Which leads me to a discussion of the sins, which the Church seems tolerate. Sins, which seem to elicit more understanding and compassion.

For example, Chief Justice Renato Corona is accused having illegally accumulated wealth. I know this is not what the impeachment court accepted as one of the articles of impeachment. But the accusation is in the body of the articles transmitted. Corona himself took some time to talk about this when he “testified.”   

I have not, however, seen any rallies against Corona by the CBCP or any religious organization for that matter. On the contrary, it is reported that some religious leaders (some with another Church) have made favorable statements for him. Corona, does not blaspheme. Instead he has made repeated displays of piety during the course of the impeachment trial. This leads me to wonder whether it is because Churches are very wealthy institutions with long-held practices of accumulating wealth that they are silent or even supportive of Corona.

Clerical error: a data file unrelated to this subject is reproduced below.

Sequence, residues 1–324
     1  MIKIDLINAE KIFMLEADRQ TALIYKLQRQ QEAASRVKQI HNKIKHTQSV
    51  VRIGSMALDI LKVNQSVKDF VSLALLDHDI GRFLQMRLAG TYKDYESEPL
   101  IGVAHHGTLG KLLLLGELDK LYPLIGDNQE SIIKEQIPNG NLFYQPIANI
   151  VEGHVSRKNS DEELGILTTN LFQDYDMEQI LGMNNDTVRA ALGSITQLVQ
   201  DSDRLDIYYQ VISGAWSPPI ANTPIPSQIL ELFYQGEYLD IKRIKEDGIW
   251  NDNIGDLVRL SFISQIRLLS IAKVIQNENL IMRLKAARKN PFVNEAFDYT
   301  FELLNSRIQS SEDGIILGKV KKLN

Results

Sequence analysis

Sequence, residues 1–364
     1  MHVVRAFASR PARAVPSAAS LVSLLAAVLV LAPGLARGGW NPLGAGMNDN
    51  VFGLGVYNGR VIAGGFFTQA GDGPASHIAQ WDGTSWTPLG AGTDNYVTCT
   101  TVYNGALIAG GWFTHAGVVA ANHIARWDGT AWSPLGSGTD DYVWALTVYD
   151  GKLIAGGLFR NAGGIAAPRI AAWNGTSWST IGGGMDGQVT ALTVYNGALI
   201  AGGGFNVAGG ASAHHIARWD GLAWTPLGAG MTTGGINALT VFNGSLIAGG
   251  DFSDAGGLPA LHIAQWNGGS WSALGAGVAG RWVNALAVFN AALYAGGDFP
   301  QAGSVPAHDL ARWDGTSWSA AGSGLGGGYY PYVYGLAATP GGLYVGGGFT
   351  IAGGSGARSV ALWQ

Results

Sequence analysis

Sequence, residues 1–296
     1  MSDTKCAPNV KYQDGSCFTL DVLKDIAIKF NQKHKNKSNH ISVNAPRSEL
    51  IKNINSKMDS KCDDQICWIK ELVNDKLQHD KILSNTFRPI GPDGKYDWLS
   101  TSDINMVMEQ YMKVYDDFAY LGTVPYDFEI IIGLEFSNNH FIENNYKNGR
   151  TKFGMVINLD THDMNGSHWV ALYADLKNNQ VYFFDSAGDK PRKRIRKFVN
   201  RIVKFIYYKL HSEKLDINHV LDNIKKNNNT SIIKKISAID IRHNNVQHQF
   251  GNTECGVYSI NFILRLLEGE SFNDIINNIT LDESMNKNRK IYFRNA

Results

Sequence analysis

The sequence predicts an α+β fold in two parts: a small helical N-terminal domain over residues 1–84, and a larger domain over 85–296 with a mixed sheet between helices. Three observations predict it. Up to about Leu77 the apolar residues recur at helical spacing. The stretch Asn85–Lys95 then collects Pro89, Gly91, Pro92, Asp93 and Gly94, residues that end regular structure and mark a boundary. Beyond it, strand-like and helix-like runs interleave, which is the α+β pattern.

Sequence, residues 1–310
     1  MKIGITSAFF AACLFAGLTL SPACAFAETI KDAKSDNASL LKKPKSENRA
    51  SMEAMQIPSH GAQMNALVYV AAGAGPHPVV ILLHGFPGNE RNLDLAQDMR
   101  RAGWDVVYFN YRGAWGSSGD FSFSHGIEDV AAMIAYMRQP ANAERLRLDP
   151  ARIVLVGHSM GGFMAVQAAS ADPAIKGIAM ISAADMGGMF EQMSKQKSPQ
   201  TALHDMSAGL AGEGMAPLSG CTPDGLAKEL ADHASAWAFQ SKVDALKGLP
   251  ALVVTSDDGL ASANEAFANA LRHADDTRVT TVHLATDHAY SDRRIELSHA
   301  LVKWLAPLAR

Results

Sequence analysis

In yet another vein, the Catholic Church has taken Manny Pacquiao to its bosom despite reports of his repeated womanizing. It reminds me of the stories of my Catholic friends who claim that some people donate to parish coffers in order to help the priest take care of the financial needs of his children. Pacquiao does not blaspheme either. He has clearly opposed gay marriage and the RH bill.
The reader might then ask, why the Church rallies strongly against pedophilia and homosexuality given the cases of the abuse of young boys that has plunged the Church into crisis. Why does it seem less compassionate for a sin with which it is familiar?